The wicked witch is back. This time, her name is Nancy Pelosi.
The House minority leader was the prime punching bag for Republicans during the Georgia race Jon Ossoff just lost, targeted in a series of ads painting him as her puppet and the epitome of the reviled Washington liberal establishment. Now a rump group in her own party has chimed in, blaming her for a loss that could as easily be credited to a weak candidate who had shallow roots in the district. Nevertheless, the group is calling on her to step down, insisting she’s a liability for the party.
Ms. Pelosi is just the latest in a long line of female politicians — on the left and the right — who have proved rich and resonant targets. Hillary Clinton. Sarah Palin. Michele Bachmann, the former House member from Minnesota. Then Hillary Clinton once more.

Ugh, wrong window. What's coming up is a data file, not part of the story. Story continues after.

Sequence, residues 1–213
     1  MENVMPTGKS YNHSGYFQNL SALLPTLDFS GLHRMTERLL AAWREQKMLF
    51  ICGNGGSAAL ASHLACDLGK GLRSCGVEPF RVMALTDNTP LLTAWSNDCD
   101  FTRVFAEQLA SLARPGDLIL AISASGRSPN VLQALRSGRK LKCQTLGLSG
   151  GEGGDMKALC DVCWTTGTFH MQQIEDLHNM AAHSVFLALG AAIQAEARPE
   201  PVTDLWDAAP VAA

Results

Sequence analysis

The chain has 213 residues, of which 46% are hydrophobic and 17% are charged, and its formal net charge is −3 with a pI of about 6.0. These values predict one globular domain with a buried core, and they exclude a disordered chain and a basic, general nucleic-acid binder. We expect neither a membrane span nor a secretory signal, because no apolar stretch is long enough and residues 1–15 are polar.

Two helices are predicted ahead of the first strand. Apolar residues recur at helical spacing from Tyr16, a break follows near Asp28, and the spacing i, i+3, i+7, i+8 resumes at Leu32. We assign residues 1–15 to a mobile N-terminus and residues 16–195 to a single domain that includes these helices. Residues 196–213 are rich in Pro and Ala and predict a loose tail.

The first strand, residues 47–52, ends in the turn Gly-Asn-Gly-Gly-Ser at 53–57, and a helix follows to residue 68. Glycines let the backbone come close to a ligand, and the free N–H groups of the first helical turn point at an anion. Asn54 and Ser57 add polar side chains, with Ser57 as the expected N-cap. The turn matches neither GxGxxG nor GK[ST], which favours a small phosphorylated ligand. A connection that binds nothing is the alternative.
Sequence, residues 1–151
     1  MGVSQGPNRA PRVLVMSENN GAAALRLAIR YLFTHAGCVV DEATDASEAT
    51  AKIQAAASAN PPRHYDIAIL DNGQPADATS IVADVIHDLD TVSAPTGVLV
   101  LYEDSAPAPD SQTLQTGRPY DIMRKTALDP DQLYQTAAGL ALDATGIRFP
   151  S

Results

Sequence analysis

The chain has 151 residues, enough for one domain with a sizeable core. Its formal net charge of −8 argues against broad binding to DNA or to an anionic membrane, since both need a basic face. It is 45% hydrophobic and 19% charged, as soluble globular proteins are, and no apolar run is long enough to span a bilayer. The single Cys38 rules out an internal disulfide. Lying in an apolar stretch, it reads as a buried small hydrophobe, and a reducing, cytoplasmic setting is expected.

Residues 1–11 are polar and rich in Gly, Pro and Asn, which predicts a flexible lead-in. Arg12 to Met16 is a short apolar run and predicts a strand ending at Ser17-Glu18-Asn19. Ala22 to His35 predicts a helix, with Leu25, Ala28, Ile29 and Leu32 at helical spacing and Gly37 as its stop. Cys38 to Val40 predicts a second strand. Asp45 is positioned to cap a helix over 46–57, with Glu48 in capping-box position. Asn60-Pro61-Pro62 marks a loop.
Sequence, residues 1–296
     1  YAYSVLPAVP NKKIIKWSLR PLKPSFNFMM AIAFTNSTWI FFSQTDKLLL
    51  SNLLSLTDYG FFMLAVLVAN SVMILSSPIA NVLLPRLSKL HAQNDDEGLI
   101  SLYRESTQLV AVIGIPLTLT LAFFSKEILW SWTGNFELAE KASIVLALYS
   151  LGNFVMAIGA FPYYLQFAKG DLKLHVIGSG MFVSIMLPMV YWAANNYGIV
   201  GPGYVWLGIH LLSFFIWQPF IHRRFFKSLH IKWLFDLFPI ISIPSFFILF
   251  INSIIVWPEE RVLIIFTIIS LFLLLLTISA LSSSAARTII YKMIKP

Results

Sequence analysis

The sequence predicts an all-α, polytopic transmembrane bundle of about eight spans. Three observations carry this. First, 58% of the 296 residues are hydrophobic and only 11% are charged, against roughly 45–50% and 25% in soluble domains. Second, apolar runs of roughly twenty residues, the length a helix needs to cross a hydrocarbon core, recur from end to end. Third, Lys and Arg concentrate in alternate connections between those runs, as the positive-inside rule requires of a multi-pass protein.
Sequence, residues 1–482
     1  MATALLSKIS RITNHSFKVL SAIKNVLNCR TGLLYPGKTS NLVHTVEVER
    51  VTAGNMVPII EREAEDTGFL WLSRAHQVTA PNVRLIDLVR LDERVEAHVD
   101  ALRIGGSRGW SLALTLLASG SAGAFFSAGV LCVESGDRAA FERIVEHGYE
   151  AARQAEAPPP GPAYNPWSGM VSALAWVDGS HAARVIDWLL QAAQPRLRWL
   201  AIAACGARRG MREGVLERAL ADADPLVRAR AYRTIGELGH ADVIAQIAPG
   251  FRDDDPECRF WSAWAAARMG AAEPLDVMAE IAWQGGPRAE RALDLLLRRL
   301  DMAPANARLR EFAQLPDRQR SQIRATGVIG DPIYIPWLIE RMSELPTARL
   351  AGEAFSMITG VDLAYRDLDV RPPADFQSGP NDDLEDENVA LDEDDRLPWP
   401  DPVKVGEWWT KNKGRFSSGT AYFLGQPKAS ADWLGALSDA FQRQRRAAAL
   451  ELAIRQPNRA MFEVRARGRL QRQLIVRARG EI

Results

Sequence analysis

In each case, gender wasn’t the only issue. There were plenty of self-inflicted wounds, as well as genuine ideological opposition. Yet each woman was attacked in ways that play off sometimes subliminal, often indignantly denied, biases about women shared by men and women alike.
Overtly ambitious women stir unease and register as less likable, said Adrienne Kimmell, executive director of the Barbara Lee Family Foundation, which has been studying women’s political races for 20 years. Voters have more trouble relating to a powerful woman than a powerful man. Women who are seen as political insiders — or as dishonest, which many voters lump together — suffer more than do men. Witness the 2016 election.